• The oldest group (48–55) in the upper left corner has a very low “Driving Accuracy” (DRIVING_ACC). I would expect the older players to hit the ball shorter, but more accurate… that is not true, the data does not lie.
• The older group (48–55) also struggles with putting. They have the highest average putts per hole (PUTT_AVG).

Exploratory Data Analysis (EDA) — Part 3

Let’s take this analysis to another level.

ggcorrplot()

The functionality in this library gets closer to where a Data Scientist spends time.

The “ggcorrplot” provides us with a “heatmap” showing the significance (or lack of significance) between the relationships. A human cannot possibly stare at a spreadsheet and determine patterns/relationships between columns and rows of data.

Let’s put the “ggcorrplot” library to work. Sometimes it’s all about working smarter, not harder!

`library(ggcorrplot)ggcorrplot(corr, type = “lower”, outline.col = “black”, lab=TRUE, ggtheme = ggplot2::theme_gray, colors = c(“#6D9EC1”, “white”, “#E46726”))`

## 1 = highly related ; 0 = no relationship ; -1 = inverse relationship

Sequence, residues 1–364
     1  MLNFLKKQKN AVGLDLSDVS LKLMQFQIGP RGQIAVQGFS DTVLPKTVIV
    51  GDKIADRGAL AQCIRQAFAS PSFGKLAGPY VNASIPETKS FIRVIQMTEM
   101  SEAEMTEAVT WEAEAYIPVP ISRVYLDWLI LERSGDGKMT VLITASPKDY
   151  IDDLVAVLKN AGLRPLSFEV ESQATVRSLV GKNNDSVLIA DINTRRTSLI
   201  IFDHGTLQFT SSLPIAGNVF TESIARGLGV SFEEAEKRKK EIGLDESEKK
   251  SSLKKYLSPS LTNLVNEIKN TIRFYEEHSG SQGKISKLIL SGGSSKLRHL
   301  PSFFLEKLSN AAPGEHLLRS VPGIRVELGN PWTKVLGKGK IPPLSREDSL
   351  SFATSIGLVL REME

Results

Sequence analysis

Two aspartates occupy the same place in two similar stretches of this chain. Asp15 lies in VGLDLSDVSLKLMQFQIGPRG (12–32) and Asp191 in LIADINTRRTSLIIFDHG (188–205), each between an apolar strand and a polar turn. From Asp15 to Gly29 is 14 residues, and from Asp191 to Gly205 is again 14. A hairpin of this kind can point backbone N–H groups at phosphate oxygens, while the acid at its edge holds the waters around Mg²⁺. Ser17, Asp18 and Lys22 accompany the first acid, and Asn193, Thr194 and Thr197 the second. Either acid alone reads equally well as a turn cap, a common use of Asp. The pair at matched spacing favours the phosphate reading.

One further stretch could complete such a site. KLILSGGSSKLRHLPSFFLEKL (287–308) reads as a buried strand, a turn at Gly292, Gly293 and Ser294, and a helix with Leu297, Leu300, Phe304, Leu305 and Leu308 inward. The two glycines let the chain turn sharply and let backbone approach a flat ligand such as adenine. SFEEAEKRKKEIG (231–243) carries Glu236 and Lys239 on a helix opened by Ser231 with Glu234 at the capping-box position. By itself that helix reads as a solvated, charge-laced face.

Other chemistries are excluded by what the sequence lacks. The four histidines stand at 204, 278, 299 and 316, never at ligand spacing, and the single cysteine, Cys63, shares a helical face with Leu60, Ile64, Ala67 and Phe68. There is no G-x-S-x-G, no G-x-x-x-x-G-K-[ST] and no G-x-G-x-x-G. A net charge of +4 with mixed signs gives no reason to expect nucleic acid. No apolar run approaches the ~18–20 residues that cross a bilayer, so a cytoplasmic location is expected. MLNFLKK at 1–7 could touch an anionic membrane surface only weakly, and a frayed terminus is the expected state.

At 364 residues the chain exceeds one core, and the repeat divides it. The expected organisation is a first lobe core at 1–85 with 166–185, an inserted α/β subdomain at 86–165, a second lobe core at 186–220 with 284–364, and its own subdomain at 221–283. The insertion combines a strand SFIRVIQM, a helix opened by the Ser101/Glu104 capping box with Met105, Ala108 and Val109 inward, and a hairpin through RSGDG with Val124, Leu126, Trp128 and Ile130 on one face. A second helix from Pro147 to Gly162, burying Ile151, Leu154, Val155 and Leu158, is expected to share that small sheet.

Running that function was much easier than staring at a spreadsheet, attempting to see relationships between rows and columns!

1 . The most significant relationship between our variables is “Yards per Drive” and “Greens Hit in Regulation”.

2 . On the opposite side, the most significant inverse relationship exists between “Age” and “Yard per Drive”.

If you like circles better than squares, below is the same data using the circle method.

`ggcorrplot(corr, type = “lower”, outline.col = “black”, method=”circle”, ggtheme = ggplot2::theme_gray, colors = c(“#6D9EC1”, “white”, “#E46726”))`

Conclusion

Although the EDA process is critically important, it is only the beginning of a typical data analytics project lifecycle. Most likely an organization’s valuable data will not be coming from a googlesheet, but will more likely be buried in disparate databases, or coming from a 3rd party vendor, or possibly even an IoT data stream.

Leveraging R and the EDA process will help pave the way toward a successful analytics project.

Jeff Griesemer is a Sr. Analytics Developer at OCTANE.